Microsoft helps found an industry alliance to advance DNA data storage systems

Alan Boyle
·3-min read
Pencil and test tube of DNA
All the movies, images, emails and other digital data from hundreds of smartphones can be stored in the pink smear of DNA at the end of the test tube seen at right. (Tara Brown Photography via UW)

Microsoft is teaming up with other companies to form an alliance to advance the field of DNA data storage, which promises to revolutionize the way vital records are kept for the long haul.

The founding members of the DNA Data Storage Alliance, unveiled today at the Flash Memory Summit, include Microsoft as well as Twist Bioscience, Illumina and Western Digital. Twist Bioscience has been partnering with Microsoft and the University of Washington for years on projects aimed at harnessing synthetic DNA for data storage.

Microsoft Research and UW’s Molecular Information Systems Lab have already demonstrated a fully automated DNA-based data storage and retrieval system — and in league with Twist, they’ve shown that their system can store a gigabyte of data in a DNA-based archive.

The UW lab is among 10 other organizations that have followed the founders’ lead and joined the alliance.

“We’re encouraged by the potential for more sustainable data storage with DNA and look forward to collaborating with others in the industry to explore early commercialization of this technology,” Karin Strauss, senior principal researcher at Microsoft, said in a news release.

The alliance aims to develop an industry roadmap for ensuring interoperability between different DNA systems, and help establish the foundations of a cost-effective commercial ecosystem for DNA-based archiving. It’ll develop specific use cases for various markets as part of a plan to educate the wider data storage community about the technology’s advantages.

DNA is best-known as the instruction set for life, with a code consisting of four chemical “letters”: adenine, thymine, guanine and cytosine. Synthetic DNA data storage techniques don’t use that code for biological purposes. Instead, they take advantage of DNA’s letters to encode files ranging from plain text to high-definition movies.

Such techniques can open the way for ultra-high-density storage: For example, 10 full-length movies can be stored in a volume the size of a single grain of salt. And when the DNA is encased in pellets or glass beads, the data can be stored reliably for millennia. The Arch Mission Foundation plans to send such a DNA data archive to the moon as early as next year.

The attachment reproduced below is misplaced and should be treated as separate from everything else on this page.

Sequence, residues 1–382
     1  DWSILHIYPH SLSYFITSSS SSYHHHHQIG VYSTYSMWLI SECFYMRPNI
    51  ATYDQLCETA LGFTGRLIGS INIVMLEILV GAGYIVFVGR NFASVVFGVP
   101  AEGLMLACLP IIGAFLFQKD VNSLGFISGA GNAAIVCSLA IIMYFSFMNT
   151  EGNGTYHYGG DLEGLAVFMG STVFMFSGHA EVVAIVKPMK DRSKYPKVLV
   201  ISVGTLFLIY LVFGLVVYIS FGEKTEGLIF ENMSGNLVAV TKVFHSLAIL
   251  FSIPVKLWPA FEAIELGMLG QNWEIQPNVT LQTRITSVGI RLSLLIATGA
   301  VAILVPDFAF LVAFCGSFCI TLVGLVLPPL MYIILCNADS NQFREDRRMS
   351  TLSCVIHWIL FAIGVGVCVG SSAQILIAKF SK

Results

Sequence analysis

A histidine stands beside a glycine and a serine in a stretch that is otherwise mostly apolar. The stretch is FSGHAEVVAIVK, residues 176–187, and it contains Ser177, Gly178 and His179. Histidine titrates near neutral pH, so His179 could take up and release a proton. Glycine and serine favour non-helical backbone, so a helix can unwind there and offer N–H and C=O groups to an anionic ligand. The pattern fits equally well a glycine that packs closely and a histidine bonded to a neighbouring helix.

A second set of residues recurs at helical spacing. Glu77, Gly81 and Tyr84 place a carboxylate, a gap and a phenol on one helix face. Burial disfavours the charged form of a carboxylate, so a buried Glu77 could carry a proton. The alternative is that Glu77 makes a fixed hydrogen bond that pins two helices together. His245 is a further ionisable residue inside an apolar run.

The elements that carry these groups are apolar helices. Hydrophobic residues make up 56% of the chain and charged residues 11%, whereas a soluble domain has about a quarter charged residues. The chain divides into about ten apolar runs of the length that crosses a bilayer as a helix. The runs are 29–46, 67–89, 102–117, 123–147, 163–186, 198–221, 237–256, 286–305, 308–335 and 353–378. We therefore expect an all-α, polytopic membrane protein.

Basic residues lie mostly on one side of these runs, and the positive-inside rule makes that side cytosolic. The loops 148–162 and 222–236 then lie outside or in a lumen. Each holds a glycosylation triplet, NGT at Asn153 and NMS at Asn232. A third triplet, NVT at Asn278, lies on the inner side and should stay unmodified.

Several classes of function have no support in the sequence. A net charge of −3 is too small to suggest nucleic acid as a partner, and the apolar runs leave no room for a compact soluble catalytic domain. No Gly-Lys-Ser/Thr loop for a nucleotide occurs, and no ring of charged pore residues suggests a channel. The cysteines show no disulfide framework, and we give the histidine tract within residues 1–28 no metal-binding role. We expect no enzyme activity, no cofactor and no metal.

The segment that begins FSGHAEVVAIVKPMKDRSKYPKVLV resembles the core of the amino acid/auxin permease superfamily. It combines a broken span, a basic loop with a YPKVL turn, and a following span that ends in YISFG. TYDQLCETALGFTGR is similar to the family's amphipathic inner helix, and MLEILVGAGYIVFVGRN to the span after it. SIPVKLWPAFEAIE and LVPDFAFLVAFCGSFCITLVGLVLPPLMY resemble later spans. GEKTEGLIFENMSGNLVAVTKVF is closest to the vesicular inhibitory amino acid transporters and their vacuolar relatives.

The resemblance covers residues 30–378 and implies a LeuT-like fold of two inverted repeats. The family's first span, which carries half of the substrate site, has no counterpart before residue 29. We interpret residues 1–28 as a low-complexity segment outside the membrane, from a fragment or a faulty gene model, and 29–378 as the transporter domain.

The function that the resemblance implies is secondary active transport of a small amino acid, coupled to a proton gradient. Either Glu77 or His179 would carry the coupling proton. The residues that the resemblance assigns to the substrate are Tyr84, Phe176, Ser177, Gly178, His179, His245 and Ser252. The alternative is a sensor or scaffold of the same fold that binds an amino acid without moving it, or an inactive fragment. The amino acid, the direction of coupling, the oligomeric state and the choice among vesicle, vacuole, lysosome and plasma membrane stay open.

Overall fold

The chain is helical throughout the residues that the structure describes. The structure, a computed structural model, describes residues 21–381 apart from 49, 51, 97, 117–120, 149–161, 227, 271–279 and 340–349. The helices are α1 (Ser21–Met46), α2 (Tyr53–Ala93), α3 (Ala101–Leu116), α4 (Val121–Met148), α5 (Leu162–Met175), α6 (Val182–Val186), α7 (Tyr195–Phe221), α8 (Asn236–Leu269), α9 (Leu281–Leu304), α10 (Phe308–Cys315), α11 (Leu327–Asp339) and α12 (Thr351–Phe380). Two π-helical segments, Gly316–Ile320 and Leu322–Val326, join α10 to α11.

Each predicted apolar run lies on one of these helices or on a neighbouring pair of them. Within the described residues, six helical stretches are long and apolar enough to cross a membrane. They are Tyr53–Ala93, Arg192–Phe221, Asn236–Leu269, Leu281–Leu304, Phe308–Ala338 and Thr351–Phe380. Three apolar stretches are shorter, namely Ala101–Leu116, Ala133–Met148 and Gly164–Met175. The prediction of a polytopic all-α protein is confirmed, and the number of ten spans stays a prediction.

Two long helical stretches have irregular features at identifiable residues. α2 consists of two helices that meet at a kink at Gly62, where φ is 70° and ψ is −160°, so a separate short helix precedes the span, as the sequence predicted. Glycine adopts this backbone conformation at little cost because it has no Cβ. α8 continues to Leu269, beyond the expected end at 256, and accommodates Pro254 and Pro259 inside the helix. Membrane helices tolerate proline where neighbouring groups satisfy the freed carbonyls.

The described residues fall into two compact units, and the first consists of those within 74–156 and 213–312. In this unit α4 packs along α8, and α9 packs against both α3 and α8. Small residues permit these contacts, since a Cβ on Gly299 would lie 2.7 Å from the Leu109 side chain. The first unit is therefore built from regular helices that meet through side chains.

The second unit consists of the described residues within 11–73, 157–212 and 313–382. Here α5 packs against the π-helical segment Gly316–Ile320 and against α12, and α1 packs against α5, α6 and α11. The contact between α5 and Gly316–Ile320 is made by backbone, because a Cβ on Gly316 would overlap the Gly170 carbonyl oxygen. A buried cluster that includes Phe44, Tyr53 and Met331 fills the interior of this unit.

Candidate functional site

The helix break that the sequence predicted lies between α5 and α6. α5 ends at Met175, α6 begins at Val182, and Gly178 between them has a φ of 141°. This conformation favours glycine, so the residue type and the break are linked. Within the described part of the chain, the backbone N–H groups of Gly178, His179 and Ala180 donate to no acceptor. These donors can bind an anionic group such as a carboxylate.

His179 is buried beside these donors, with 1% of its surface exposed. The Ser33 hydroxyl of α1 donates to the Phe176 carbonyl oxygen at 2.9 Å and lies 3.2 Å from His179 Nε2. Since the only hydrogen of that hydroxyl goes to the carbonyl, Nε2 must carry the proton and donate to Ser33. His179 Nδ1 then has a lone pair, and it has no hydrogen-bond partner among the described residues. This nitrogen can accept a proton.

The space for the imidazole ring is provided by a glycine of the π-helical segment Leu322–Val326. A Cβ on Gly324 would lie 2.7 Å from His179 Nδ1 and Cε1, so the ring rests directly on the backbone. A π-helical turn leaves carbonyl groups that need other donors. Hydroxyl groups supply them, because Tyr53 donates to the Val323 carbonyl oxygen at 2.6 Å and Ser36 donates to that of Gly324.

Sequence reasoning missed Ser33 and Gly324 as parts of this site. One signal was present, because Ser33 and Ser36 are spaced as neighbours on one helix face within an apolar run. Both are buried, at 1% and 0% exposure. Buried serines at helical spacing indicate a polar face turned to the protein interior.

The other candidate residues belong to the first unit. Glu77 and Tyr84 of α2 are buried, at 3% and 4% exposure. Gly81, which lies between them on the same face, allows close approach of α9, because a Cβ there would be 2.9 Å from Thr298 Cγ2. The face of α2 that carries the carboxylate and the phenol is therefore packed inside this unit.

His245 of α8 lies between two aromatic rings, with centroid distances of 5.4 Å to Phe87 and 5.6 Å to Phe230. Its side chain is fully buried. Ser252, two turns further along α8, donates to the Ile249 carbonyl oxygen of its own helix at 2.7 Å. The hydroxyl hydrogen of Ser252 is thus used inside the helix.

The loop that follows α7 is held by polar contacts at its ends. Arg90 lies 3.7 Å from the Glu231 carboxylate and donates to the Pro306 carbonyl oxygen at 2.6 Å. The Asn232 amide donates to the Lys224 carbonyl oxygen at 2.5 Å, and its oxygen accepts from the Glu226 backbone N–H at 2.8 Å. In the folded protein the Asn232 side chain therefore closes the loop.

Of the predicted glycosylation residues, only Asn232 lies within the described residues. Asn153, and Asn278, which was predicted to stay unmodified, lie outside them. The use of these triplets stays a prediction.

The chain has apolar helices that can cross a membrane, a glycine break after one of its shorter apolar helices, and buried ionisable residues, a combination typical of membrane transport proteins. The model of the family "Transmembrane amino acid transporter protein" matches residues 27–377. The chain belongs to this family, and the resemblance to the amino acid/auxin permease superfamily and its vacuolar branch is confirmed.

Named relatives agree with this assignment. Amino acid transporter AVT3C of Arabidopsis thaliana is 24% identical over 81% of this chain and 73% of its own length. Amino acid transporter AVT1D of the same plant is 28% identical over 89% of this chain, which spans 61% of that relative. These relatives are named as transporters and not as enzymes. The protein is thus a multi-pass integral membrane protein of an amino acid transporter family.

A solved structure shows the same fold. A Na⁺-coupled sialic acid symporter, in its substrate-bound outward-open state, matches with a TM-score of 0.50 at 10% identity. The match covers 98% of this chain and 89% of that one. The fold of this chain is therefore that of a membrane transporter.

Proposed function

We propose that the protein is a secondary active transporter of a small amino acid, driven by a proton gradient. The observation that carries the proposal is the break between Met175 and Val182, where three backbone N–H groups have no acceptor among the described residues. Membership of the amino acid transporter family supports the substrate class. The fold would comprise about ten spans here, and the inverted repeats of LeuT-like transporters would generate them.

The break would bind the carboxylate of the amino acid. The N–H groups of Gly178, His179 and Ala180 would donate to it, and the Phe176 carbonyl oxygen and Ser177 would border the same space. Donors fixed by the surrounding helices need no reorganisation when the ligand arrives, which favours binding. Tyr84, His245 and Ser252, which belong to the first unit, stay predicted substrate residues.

In its predictions for future tech trends, Gartner projects that 30% of digital businesses will mandate trials of DNA data storage techniques by 2024, due to the anticipated exponential growth of data.

“There is an unmet need for a new long-term archival storage medium that keeps up with the rate of digital data growth,” said Steffen Hellmold, Western Digital’s vice president for corporate strategic initiatives.

“We estimate that almost half of the data storage solutions shipped in 2030 will be used to archive data as the overall temperature of data is cooling down,” Hellmold said. “We are committed to providing a full portfolio of storage solutions addressing the demand for hot, warm and cold storage.”

Emily Leproust, CEO and co-founder of Twist Bioscience, said DNA could fill the bill.

“DNA is an incredible molecule that, by its very nature, provides ultra-high-density storage for thousands of years,” she said. “By joining with other technology leaders to develop a common framework for commercial implementation, we drive a shared vision to build this new market solution for digital storage.”

In addition to the founders, these 10 organizations were listed today as members of the DNA Data Storage Alliance, and more organizations are being recruited:

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